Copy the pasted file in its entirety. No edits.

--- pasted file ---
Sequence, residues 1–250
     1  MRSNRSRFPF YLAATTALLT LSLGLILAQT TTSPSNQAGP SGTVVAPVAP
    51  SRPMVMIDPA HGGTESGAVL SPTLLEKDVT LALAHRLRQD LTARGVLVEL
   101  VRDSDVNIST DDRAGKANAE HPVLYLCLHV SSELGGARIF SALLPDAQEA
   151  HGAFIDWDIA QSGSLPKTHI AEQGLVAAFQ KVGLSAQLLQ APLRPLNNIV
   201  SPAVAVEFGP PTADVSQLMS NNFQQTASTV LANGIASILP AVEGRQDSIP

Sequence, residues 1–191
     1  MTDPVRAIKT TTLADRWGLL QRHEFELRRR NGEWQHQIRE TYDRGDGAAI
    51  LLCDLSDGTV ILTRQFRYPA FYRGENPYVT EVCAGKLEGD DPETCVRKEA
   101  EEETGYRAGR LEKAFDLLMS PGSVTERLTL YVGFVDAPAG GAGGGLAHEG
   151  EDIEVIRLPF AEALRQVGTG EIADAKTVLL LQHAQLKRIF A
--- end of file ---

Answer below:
Sequence, residues 1–250
     1  MRSNRSRFPF YLAATTALLT LSLGLILAQT TTSPSNQAGP SGTVVAPVAP
    51  SRPMVMIDPA HGGTESGAVL SPTLLEKDVT LALAHRLRQD LTARGVLVEL
   101  VRDSDVNIST DDRAGKANAE HPVLYLCLHV SSELGGARIF SALLPDAQEA
   151  HGAFIDWDIA QSGSLPKTHI AEQGLVAAFQ KVGLSAQLLQ APLRPLNNIV
   201  SPAVAVEFGP PTADVSQLMS NNFQQTASTV LANGIASILP AVEGRQDSIP

Sequence, residues 1–191
     1  MTDPVRAIKT TTLADRWGLL QRHEFELRRR NGEWQHQIRE TYDRGDGAAI
    51  LLCDLSDGTV ILTRQFRYPA FYRGENPYVT EVCAGKLEGD DPETCVRKEA
   101  EEETGYRAGR LEKAFDLLMS PGSVTERLTL YVGFVDAPAG GAGGGLAHEG
   151  EDIEVIRLPF AEALRQVGTG EIADAKTVLL LQHAQLKRIF A